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On Ukraine, Wang told Joly that China wants the world to “think calmly and rationally” and work toward a ceasefire and peace. “Upholding an objective and impartial position, China will continue to play a constructive role in this regard,” said the statement from the Chinese embassy.

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The US wants to see Canada follow through on a tougher policy toward China, and Prime Minister Justin Trudeau has tasked Joly with coming up with a way forward in her mandate letter. Though China is not mentioned by name, the letter tells Joly to develop a comprehensive Indo-Pacific strategy to deepen diplomatic, economic, military and international assistance partnerships in the region.

Read more: The fisherman and the entrepreneur: How Canadians are helping in Ukraine

In recent months, Canada has already taken steps to diversify its trade options in Asia and the Indo-Pacific by opening talks with India, the ASEAN block of nations — which includes Indonesia and Vietnam — and Taiwan, which China regards as a breakaway province.

Canada conspicuously announced the start of trade talks with Taiwan after Kovrig and Spavor were released, which has ranked Beijing.

“The one-China principle is the political foundation of China-Canada relations. If the Taiwan question is not handled properly, China-Canada relations will suffer fundamental damage,” said the Chinese embassy statement.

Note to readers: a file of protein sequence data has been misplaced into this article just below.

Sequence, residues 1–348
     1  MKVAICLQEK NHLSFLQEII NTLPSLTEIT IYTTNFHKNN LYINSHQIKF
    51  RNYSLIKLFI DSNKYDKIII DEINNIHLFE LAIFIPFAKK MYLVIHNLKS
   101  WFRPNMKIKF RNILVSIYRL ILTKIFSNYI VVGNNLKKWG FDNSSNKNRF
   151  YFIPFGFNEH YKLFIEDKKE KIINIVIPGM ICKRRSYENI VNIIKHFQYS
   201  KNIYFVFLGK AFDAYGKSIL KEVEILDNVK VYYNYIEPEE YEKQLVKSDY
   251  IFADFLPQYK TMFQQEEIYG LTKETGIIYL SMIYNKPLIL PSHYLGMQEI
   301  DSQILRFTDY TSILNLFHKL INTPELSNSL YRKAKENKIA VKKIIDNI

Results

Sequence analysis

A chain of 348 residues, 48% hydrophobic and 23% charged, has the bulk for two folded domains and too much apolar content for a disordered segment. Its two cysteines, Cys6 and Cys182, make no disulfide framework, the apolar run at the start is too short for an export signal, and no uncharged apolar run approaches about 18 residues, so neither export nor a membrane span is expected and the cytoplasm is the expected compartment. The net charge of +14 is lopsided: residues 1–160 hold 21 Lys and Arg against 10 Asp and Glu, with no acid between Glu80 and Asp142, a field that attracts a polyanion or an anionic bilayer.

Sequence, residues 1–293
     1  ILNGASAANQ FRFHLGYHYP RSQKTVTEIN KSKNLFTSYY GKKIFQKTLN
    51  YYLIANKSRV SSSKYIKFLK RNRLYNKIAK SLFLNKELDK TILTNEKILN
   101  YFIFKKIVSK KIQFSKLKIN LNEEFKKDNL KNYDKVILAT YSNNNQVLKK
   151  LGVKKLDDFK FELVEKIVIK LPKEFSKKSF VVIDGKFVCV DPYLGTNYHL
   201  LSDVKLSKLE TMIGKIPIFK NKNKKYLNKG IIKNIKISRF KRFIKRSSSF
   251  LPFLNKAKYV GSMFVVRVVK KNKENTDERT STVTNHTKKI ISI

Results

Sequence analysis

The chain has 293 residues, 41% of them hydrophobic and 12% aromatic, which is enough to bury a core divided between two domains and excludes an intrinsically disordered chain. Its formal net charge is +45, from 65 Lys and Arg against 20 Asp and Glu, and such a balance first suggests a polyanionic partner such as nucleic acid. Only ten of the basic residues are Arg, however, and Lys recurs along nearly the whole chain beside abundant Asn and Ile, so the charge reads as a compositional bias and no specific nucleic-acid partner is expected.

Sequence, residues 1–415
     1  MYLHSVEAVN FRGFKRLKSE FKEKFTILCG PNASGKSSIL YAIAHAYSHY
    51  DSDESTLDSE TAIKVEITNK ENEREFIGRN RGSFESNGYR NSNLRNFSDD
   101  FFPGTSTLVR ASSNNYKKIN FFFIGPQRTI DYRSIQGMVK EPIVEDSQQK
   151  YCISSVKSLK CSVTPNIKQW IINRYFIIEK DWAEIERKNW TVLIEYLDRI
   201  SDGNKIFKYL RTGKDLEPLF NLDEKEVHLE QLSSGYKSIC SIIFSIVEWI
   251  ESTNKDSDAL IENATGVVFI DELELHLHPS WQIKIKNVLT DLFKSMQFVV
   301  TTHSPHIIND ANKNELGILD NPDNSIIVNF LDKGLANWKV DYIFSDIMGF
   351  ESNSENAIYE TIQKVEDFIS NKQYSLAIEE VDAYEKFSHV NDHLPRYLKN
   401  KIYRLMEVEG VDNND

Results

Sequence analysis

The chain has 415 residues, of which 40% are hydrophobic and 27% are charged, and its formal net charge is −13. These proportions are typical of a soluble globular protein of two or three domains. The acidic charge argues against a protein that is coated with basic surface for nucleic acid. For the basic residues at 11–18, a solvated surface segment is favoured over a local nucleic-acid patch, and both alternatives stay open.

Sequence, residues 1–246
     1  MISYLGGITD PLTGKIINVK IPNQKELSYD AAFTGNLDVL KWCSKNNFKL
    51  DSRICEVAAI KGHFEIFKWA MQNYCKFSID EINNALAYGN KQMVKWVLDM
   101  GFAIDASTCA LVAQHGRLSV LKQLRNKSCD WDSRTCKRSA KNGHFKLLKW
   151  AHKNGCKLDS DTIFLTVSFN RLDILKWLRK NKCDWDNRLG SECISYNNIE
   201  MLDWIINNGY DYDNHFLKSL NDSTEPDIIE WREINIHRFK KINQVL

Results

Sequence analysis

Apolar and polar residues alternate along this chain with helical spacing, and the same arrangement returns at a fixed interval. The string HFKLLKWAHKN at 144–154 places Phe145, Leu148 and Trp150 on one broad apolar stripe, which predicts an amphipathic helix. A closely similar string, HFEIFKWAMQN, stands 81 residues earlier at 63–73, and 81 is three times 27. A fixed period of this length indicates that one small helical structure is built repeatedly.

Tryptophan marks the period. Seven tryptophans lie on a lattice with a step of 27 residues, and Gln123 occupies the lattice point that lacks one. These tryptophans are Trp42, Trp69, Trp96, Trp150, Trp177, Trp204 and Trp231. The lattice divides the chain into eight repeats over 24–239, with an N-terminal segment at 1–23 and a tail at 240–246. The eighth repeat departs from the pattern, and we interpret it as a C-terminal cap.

“China hopes that Canada will adopt a correct attitude and position on issues concerning China’s core interests.”

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Joly said her discussion with Wang was “respectful” and “frank,” but she made clear she discussed Taiwan and the human rights situation with ethnic Muslim Uyghurs in China’s Xinjiang province. China faces allegations of mass arbitrary detention, repressive surveillance measures, forced labor and sterilization of the Uyghurs. China denies the charges.

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China was one of the 35 countries that abstained in the March vote at the United Nations General Assembly condemning Russia for its aggression against Ukraine. Canada and its Western allies were among the 141 countries that voted in favor of the resolution.

Indonesia voted in favour, despite China’s large regional influence, but Vietnam abstained.

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Joly said part of her mission in the region this week was to reinforce the need to condemn the Russian aggression. She saw one very direct impact of the war on the everyday life of Indonesians — the price of cooking oil, a staple in food preparation, had risen substantially.

“It is essential to their way of living. It’s linked to the war in Russia,” Joly said.

“At the same time, let’s be very cognizant of the fact that Russia has launched many propaganda campaigns across social media, and we need to be clear and repeat our narrative.

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“We need to engage with Indonesia for them to hear our position, but also to continue to be a strong ally.”